The Five Books Against Marcion by Tertullian
Chapter XIX.--Jesus Christ, the Revealer of the Creator, Could Not Be the Same as Marcion's God, Who Was Only Made Known by the Heretic Some CXV. Years After Christ, and That, Too, on a Principle Utterly Unsuited to the Teaching of Jesus Christ, I.e., the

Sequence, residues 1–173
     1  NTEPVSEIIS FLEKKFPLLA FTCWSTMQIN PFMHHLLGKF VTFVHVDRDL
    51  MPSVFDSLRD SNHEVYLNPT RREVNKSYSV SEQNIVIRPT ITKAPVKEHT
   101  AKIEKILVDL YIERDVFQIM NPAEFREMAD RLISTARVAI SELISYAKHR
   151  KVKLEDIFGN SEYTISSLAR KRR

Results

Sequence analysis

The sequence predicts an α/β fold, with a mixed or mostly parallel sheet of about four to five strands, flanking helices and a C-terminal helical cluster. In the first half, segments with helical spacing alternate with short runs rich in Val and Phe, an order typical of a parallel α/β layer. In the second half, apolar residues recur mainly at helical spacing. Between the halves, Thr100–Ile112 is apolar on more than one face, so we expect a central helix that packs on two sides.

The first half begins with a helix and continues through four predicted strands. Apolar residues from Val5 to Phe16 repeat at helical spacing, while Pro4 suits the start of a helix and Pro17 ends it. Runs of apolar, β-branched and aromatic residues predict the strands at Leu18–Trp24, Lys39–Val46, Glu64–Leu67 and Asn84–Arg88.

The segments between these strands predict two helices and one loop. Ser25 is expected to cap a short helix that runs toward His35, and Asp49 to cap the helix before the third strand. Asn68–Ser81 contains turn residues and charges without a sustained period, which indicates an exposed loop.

Well, but our god, say the Marcionites, although he did not manifest himself from the beginning and by means of the creation, has yet revealed himself in Christ Jesus. A book will be devoted to Christ, treating of His entire state; for it is desirable that these subject-matters should be distinguished one from another, in order that they may receive a fuller and more methodical treatment. Meanwhile it will be sufficient if, at this stage of the question, I show -- and that but briefly -- that Christ Jesus is the revealer of none other god but the Creator. In the fifteenth year of Tiberius, Christ Jesus vouchsafed to come down from heaven, as the spirit of saving health. I cared not to inquire, indeed, in what particular year of the elder Antoninus. He who had so gracious a purpose did rather, like a pestilential sirocco, exhale this health or salvation, which Marcion teaches from his Pontus. Of this teacher there is no doubt that he is a heretic of the Antonine period, impious under the pious. Now, from Tiberius to Antoninus Pius, there are about 115 years and 6-1/2 months. Just such an interval do they place between Christ and Marcion. Inasmuch, then, as Marcion, as we have shown, first introduced this god to notice in the time of Antoninus, the matter becomes at once clear, if you are a shrewd observer. The dates already decide the case, that he who came to light for the first time in the reign of Antoninus, did not appear in that of Tiberius; in other words, that the God of the Antonine period was not the God of the Tiberian; and consequently, that he whom Marcion has plainly preached for the first time, was not revealed by Christ (who announced His revelation as early as the reign of Tiberius). Now, to prove clearly what remains of the argument, I shall draw materials from my very adversaries. Marcion's special and principal work is the separation of the law and the gospel; and his disciples will not deny that in this point they have their very best pretext for initiating and confirming themselves in his heresy. These are Marcion's Antitheses, or contradictory propositions, which aim at committing the gospel to a variance with the law, in order that from the diversity of the two documents which contain them, they may contend for a diversity of gods also. Since, therefore, it is this very opposition between the law and the gospel which has suggested that the God of the gospel is different from the God of the law, it is clear that, before the said separation, that god could not have been known who became known from the argument of the separation itself. He therefore could not have been revealed by Christ, who came before the separation, but must have been devised by Marcion, the author of the breach of peace between the gospel and the law. Now this peace, which had remained unhurt and unshaken from Christ's appearance to the time of Marcion's audacious doctrine, was no doubt maintained by that way of thinking, which firmly held that the God of both law and gospel was none other than the Creator, against whom after so long a time a separation has been introduced by the heretic of Pontus.